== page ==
EDITORIAL: USF’s financial decisions hurt educational diversity

Florida’s financial conundrum and its effect on education have been well reported. Each level of public education, and various institutions within those levels, has taken different approaches to cut costs and make sure needs are met.

The St. Petersburg Times reported that Florida Rep. Juan Zapata introduced a bill to cut administrative costs in Florida school districts by 2.5 percent to direct funding to where it is needed most – classrooms.

USF is taking another approach to free up funds, however: Entire departments could be dismantled and restructured as the University strives to cut administrative costs by merging them. Departments on the chopping block are women’s studies and Africana studies. Also, the Institute for the Study of Latin America and the Caribbean (ISLAC) may lose its autonomous status.

According to USF’s Budget Priorities Advisory Task Force report, these programs would be worth keeping in “good budget times,” but now is not one of those times.

The fact that these programs happen to represent groups of people who are primarily outside of the power structure in the United States must merely be a coincidence.

It is easy to view this move as a way for USF to trim programs that are unlikely to help the school reach elite status as a top-tier research university or become a member of the Association of American Universities.

What is really hurting USF’s perception of these departments are the standards by which they are being evaluated. Africana studies and women’s studies awarded eight and 11 undergraduate degrees last year, respectively. In a statistics-driven institution, that may seem paltry, but it is hardly an indicator of the effect these programs have on students.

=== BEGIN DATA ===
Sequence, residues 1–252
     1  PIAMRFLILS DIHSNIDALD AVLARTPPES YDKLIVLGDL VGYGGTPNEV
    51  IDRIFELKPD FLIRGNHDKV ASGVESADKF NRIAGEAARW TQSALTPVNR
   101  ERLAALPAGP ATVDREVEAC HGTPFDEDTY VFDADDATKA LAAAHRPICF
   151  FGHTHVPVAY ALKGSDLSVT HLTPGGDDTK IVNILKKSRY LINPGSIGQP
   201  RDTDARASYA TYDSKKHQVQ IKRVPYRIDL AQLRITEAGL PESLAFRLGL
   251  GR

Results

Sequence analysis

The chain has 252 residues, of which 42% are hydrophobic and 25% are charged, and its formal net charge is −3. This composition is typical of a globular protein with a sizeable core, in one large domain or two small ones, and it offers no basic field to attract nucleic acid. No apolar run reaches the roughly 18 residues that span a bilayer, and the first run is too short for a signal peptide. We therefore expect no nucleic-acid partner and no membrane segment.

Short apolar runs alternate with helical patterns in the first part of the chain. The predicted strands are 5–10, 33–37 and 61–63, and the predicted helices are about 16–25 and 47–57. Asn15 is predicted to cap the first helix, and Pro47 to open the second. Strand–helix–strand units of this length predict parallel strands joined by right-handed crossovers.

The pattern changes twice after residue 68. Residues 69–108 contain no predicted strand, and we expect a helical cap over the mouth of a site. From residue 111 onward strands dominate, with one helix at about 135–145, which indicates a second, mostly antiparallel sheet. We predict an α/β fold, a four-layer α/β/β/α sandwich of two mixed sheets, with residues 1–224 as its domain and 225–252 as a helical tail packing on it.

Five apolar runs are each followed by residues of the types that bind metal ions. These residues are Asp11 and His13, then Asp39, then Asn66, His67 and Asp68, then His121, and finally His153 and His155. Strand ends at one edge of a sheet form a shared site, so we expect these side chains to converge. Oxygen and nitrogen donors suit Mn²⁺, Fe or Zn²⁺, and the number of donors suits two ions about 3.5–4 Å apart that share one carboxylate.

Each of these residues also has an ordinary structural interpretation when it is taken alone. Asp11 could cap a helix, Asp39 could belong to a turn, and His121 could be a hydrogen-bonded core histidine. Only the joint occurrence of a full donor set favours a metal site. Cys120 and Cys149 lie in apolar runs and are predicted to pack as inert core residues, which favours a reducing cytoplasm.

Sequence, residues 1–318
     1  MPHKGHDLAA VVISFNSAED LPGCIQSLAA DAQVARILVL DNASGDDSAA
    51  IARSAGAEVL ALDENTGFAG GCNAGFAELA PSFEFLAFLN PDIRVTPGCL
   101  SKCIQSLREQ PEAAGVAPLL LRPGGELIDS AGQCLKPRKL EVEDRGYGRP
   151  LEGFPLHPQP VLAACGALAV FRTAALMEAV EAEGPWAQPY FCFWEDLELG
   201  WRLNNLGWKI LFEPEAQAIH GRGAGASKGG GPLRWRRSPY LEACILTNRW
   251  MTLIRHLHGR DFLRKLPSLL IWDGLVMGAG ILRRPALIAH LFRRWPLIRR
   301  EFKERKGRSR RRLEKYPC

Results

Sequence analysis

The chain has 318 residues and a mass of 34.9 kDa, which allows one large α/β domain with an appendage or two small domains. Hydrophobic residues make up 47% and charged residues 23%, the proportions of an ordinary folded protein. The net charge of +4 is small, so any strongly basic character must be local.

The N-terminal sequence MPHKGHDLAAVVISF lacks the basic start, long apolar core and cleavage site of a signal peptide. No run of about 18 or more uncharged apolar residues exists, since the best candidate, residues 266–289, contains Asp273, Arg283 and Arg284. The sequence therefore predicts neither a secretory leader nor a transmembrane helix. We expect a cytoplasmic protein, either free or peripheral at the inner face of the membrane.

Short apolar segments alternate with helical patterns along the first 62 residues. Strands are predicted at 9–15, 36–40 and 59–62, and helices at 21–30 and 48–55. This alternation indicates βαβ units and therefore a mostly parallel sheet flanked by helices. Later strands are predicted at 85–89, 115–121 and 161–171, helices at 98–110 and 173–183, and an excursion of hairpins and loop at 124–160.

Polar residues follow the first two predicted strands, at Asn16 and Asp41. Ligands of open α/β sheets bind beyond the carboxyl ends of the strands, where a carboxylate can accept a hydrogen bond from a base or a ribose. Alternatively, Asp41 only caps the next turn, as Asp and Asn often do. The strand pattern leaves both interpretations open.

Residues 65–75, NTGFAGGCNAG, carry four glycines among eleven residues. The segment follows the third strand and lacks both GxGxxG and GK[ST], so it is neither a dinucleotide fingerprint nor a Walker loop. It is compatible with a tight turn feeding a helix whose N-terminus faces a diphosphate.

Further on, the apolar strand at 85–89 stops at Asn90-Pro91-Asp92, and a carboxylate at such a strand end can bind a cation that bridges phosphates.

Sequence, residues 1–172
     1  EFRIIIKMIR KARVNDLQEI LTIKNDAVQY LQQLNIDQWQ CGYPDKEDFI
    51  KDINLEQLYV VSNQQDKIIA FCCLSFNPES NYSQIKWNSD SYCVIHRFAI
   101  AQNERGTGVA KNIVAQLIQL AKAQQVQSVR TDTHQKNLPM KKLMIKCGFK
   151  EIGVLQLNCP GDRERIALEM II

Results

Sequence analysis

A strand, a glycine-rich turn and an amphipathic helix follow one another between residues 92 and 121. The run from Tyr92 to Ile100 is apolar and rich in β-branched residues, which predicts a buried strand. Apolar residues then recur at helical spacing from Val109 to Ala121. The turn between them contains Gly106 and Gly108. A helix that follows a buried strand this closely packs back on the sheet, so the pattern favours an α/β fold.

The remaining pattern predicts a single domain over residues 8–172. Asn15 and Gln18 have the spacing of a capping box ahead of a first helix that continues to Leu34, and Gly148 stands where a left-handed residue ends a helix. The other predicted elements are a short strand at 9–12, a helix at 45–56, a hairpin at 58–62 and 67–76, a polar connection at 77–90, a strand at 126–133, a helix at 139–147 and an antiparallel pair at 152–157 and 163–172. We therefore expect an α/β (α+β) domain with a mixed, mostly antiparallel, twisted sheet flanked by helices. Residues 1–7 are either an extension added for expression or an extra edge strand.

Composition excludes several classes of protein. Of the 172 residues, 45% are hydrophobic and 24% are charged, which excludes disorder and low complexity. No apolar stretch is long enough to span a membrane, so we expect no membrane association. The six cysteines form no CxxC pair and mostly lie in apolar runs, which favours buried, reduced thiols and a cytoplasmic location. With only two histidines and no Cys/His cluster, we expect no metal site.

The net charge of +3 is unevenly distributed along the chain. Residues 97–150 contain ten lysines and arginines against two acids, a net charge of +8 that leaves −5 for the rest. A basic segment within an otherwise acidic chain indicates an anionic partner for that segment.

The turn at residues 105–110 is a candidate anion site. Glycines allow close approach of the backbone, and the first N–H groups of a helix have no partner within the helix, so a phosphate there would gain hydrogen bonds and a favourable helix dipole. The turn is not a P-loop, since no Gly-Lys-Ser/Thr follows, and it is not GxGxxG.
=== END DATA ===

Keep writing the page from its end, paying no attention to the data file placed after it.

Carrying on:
USF’s savings in cutting Africana studies as a department and removing the major seems meager compared to the $55 million that needs to be cut. The report states that USF would save $115,371, plus the salary of “one non-tenure faculty member.” There was no estimate for women’s studies.

These programs are vital to education, and not just for the students who major or minor in them. A critical aspect of higher education is teaching students how to approach issues and solve problems through different avenues of thought. That is why creative writing majors are required to take math and science courses, and why engineers must study literature.

Lumping these programs together or cutting the degrees may save money, but may water down the courses or damage overall effectiveness as well. USF needs to ensure that these programs don’t fall by the wayside, not force them there.